Missing Persons

In January of 2016, the Virginia Department of Education (VaDOE) released a legislative study focusing on the shortage of qualified teachers in Virginia’s classrooms. In the three years since the report, additional studies have been commissioned and meetings convened to further consider the economic, demographic and geographic characteristics of teacher recruitment and retention challenges within the commonwealth.

A report by the Virginia Advisory Committee on Teacher Shortages in October 2017 prompted former Gov. Terry McAuliffe’s executive order recognizing the shortage as a “growing crisis” threatening Virginia’s economic footing. McAuliffe’s emergency measures increased funding for recruitment efforts and expanded some forms of tuition assistance for prospective teachers.

Gov. Ralph Northam has maintained a similar emphasis on the shortage, signing bills in his first year in office that streamlined aspects of the teacher licensure process and outlining plans to boost the previously proposed pay raise for teachers from 3 to 5 percent, acknowledging the widely held view that one of the primary factors contributing to the shortage is low teacher pay.

Virginia is, in fact, in the lowest third of states in average teacher pay but it’s not alone in dealing with a teacher shortage.

Nationally, the retirement of baby boomers combined with modest but steady increases in K-12 student enrollment have contributed to shortages in many states. The shortage is exacerbated by a constriction of the pipeline into the field and high rates of attrition for beginning teachers. According to a 2018 study by the American Association of Colleges for Teacher Education (AACTE), the number of people completing teacher preparation requirements from 2008 to 2016 fell by 23 percent. Of those who do complete the requirements, an increasing number never enter their own classrooms. And many who do enter the classroom leave the profession within five years.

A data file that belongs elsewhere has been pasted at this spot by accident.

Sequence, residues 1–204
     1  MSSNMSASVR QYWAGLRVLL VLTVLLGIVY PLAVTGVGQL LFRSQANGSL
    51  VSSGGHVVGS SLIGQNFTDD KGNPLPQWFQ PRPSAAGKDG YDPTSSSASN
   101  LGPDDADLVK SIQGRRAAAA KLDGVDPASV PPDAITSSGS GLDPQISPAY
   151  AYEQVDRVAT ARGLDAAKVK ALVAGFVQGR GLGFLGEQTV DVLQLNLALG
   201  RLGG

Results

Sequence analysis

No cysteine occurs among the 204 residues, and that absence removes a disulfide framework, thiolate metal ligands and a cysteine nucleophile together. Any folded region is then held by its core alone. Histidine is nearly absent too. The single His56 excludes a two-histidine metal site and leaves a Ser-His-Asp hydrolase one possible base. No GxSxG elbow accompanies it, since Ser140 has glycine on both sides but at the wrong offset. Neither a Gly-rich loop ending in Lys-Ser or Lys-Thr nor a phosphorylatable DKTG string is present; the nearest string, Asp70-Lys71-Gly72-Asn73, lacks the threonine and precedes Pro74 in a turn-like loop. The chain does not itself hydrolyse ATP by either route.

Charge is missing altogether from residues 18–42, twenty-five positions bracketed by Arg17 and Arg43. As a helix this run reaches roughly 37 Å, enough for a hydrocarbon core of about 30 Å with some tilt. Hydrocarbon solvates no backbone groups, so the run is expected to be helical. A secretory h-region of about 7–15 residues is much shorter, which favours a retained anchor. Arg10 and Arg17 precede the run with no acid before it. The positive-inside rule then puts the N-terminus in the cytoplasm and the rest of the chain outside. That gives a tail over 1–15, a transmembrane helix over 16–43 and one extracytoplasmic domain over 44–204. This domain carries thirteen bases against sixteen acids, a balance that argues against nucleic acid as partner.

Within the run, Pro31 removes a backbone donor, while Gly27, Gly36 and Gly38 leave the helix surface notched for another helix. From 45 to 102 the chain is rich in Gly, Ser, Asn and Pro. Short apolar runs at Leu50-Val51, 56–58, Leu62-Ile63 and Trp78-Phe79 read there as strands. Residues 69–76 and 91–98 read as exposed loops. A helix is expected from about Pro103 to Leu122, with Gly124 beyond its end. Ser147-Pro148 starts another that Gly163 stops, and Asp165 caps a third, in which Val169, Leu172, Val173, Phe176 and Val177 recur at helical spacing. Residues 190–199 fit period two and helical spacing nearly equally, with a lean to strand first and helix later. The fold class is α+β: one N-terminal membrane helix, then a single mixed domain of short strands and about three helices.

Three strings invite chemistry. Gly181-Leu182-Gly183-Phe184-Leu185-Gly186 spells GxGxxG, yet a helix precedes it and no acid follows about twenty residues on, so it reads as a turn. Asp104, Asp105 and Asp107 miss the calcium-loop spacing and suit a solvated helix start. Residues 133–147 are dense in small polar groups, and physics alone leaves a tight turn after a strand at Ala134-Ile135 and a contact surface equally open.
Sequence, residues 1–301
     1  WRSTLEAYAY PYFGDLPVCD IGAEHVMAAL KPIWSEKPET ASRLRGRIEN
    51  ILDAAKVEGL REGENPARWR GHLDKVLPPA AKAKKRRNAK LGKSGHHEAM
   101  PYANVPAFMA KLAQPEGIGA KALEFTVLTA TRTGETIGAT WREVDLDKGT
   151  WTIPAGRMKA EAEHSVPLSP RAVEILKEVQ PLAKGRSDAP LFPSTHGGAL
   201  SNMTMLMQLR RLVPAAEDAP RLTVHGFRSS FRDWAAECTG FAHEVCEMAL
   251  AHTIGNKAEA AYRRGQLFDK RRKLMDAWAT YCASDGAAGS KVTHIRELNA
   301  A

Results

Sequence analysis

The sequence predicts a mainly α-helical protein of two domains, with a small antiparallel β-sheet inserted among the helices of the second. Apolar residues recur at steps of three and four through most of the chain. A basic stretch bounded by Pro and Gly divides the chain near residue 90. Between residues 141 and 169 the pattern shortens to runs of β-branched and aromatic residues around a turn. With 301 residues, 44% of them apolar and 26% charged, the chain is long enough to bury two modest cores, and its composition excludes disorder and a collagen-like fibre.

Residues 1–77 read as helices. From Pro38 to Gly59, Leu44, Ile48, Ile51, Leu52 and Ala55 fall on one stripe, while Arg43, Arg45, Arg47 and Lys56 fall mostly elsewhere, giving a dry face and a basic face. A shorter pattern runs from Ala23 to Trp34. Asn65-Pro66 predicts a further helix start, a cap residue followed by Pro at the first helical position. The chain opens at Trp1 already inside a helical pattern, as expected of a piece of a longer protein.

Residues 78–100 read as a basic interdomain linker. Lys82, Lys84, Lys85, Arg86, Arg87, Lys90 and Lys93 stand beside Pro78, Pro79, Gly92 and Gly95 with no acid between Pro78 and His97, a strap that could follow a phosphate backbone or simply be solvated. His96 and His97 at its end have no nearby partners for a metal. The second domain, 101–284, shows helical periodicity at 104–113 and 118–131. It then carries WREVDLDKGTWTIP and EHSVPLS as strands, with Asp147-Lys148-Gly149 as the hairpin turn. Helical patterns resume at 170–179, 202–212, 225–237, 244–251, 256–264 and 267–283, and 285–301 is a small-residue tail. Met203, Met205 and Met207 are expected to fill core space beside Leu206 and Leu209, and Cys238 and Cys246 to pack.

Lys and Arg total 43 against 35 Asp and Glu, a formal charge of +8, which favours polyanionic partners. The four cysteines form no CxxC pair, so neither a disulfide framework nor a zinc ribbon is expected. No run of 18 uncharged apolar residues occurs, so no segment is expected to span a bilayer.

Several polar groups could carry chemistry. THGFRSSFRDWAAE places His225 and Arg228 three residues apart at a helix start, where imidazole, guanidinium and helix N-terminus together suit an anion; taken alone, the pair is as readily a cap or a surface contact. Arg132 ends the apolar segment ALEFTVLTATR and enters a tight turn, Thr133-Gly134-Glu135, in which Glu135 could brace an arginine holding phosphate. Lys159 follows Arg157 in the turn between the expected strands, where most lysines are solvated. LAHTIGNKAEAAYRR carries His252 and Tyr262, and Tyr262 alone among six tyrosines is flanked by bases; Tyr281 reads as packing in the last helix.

Salary, working conditions and inadequate support are the most frequently cited reasons for truncated teaching careers in both urban and rural settings, with geographic isolation a factor identified by rural teachers, especially those without a prior connection to the rural community in which they taught.

In Virginia, the legislative attention to the issue has somewhat obscured the challenges related to adequate regional distribution of qualified teachers. Virginia’s overall population growth is projected to place it among the 10 most populous states by 2040, but the growth patterns are decidedly regional. According to projections by the Weldon Cooper Center for Public Service, the 19 Northern Virginia counties and cities that make up the VaDOE’s Region 4 will grow in population by 48 percent between 2010 and 2040. In contrast, the 12 local school divisions that make up Southside’s Region 8 are expected to experience a 1.2 percent decline in population in that 30-year span.

Longwood and its College of Education and Human Services are working to help our school division partners address these challenges:

  • We are actively working with high schools to expand “grow-your-own” programs like Virginia Teachers for Tomorrow.
  • Faculty are working closely with the admissions office on targeted recruiting of potential teachers.
  • We are in the process of developing a middle grades exploratory curriculum aimed at feeding into high-school dual-enrollment offerings like Teachers for Tomorrow.
  • Our longstanding partnerships with community colleges are being leveraged in new ways to expand teacher-preparation pipelines, and we are offering transfer students with associate’s degrees a viable path to licensure through some of the streamlined aspects of the new Civitae core curriculum.
  • At the request of some regional school partners, we will be expanding professional development programming that will focus on facets of new-teacher induction that have been empirically shown to reduce attrition and increase the likelihood of long, productive teaching careers.

Research has consistently shown that the quality of a child’s education is highly dependent on the capabilities of her or his teachers. The shortage of qualified teachers, in all its regional forms, represents a challenge that all Virginians should consider as critical. 

About the Author


Dr. David Locascio

Dr. David Locascio is an associate professor of education and associate dean of the College of Education and Human Services. He joined the Longwood faculty in 2004.

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